Finally, please keep including us.  Invite me out but understand that I might have to bail at the last minute if I've overdone it and run out of energy.  It's not personal, it's just living with cancer.  I thrive on having things to look forward to - it's what keeps me going, knowing I'm living and not just existing.  However sometimes I have to admit defeat and spend the day on the sofa or in bed rather than getting out and about.      If it's something you're not sure I'll be able to do - at least invite me and give me the option to decline.  I'd rather have to decline than find out something happened and was kept a secret from me as you didn't want to offend.  Living with cancer does bring limitations and yes, it sucks not being able to do some things but it sucks more to feel left out.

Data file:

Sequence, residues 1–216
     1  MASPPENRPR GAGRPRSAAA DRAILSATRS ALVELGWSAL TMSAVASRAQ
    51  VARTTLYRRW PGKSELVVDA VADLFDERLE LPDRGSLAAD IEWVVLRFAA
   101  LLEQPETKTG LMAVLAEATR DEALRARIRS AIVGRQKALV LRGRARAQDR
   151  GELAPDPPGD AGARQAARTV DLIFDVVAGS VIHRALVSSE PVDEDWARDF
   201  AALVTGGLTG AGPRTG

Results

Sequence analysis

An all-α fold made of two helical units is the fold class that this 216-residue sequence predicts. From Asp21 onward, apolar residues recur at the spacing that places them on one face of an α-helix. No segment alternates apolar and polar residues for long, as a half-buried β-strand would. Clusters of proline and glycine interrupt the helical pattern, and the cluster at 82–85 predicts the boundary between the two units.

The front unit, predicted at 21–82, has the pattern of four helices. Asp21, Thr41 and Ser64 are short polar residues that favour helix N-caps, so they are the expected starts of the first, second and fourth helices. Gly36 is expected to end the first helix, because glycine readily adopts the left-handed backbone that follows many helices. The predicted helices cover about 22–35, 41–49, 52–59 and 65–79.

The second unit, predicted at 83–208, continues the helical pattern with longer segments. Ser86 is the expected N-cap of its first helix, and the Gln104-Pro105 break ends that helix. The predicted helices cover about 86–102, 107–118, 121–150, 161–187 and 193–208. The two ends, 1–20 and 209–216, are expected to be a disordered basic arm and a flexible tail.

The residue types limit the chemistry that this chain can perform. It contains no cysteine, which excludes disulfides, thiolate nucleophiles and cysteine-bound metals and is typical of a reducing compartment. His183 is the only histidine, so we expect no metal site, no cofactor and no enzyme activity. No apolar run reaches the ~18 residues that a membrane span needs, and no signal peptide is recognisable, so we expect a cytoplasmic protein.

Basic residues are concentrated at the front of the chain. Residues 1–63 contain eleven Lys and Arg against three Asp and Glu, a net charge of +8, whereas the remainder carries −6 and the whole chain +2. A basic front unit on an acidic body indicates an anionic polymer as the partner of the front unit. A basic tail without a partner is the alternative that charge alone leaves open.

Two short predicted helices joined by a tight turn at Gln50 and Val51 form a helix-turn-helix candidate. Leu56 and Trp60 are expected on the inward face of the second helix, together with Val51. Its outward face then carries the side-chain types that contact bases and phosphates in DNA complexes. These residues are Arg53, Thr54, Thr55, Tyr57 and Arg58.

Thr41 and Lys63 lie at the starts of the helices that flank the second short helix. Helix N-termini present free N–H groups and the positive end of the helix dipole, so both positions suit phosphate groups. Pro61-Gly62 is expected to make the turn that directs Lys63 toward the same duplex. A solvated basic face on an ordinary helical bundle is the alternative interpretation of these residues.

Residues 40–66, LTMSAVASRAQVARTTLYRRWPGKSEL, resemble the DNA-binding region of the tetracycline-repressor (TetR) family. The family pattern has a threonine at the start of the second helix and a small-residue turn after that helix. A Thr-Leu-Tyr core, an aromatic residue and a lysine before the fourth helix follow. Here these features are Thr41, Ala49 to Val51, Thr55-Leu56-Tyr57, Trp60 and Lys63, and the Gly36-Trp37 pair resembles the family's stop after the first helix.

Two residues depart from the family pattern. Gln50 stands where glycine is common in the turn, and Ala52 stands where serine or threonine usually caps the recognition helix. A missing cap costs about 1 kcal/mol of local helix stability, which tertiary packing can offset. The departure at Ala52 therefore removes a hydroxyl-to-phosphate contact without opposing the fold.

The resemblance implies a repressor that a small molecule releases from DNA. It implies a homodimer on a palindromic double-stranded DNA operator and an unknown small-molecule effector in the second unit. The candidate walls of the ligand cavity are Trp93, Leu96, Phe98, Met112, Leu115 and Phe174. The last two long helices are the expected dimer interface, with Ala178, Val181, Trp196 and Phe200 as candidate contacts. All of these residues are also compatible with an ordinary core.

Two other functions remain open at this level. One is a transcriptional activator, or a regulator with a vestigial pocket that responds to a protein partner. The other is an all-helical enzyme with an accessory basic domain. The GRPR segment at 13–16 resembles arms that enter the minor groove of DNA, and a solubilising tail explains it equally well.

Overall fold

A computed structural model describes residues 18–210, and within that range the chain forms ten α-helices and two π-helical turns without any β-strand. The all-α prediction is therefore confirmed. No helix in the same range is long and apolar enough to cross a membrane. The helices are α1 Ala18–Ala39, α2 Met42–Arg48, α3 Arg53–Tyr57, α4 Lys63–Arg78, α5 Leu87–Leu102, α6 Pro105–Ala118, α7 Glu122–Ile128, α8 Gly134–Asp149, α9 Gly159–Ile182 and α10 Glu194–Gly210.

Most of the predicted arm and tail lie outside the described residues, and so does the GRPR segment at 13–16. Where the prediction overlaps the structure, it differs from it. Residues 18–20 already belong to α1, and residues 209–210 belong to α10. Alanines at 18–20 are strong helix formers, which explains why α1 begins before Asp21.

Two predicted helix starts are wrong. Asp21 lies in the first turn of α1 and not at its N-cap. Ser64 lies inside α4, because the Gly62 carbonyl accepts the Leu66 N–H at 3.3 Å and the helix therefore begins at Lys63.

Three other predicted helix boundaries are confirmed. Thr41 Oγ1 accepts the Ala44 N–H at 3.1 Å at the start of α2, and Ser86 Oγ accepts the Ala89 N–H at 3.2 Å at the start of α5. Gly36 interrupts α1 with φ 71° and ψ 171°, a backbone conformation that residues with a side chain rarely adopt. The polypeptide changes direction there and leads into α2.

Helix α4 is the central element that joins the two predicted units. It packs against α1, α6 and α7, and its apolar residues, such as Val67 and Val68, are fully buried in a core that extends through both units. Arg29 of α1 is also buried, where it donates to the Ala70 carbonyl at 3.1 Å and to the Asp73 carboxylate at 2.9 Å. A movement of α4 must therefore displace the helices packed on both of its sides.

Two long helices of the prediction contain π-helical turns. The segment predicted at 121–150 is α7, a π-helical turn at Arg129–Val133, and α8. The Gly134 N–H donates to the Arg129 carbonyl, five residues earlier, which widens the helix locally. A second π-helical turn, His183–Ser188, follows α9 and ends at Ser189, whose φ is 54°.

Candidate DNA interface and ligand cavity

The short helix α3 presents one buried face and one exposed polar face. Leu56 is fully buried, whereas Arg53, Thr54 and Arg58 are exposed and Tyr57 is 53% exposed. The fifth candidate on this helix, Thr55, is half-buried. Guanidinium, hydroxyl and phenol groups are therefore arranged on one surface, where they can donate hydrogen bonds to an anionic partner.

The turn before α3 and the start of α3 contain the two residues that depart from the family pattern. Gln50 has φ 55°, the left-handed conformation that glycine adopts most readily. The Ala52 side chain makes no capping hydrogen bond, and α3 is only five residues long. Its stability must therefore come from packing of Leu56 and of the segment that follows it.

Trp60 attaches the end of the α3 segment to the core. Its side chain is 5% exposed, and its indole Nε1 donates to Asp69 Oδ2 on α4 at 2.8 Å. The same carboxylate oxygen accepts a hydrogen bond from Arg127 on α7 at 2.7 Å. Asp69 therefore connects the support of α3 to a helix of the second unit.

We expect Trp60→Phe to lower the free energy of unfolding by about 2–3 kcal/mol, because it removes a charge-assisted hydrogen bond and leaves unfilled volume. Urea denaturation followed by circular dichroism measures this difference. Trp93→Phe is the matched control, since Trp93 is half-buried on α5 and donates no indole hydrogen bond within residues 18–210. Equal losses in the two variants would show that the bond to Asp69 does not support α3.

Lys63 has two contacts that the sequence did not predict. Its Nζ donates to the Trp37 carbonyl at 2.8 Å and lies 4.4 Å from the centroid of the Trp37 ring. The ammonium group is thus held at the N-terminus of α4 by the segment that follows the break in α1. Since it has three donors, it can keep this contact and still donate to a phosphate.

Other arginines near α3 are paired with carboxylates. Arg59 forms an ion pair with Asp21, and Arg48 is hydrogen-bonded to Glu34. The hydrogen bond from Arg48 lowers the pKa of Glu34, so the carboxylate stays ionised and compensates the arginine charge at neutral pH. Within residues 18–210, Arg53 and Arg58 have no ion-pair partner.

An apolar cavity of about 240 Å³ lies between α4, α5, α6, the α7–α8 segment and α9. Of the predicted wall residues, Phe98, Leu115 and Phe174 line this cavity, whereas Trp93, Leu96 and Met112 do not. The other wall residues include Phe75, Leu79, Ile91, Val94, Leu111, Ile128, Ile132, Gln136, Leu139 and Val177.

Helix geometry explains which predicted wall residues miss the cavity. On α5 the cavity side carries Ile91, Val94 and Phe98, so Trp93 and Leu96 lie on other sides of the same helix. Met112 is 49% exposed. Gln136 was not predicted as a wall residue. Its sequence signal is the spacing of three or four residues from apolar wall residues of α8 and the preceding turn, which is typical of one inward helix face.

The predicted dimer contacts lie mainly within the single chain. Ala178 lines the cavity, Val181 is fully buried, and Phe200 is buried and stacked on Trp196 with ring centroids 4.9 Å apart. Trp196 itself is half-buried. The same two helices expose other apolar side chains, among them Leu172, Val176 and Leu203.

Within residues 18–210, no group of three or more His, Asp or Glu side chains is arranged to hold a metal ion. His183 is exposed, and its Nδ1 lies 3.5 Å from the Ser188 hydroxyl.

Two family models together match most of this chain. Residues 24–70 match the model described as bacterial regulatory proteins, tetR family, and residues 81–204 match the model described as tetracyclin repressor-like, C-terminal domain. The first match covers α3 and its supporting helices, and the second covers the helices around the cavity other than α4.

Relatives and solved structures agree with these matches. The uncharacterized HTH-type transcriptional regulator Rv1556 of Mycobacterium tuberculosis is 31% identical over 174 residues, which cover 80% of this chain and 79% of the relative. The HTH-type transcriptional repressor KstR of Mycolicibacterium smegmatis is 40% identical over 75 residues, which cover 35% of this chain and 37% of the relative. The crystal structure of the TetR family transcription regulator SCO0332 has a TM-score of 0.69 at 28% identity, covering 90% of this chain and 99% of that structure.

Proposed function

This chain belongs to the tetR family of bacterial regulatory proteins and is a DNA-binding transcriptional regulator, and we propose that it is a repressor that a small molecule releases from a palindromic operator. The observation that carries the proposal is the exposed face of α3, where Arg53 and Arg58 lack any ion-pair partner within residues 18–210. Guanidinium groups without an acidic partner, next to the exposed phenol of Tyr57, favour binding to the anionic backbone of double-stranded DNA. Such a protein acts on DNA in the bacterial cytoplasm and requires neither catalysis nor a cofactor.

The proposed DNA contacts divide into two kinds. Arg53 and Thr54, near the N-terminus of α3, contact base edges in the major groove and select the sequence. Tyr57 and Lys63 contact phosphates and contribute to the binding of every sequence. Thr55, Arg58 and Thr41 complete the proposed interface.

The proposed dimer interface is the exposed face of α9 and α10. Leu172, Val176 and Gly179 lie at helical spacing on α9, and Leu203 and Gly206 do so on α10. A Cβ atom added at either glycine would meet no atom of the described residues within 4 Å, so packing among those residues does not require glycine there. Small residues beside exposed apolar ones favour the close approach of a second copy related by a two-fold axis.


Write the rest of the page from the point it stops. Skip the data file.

Cancer doesn't have to be the elephant in the room.  We're the same people prior to diagnosis, we're just bigger divas now.

  • it's ok to ask questions about cancer and treatment
  • for me, it's ok to talk about the future - or lack of it
  • it's ok to joke, even jokes about death and dying - we're all going to at some stage
  • think before you give advice
  • think before you jump in to help
  • share your problems, it makes us feel normal and included
  • include us and invite us like you used to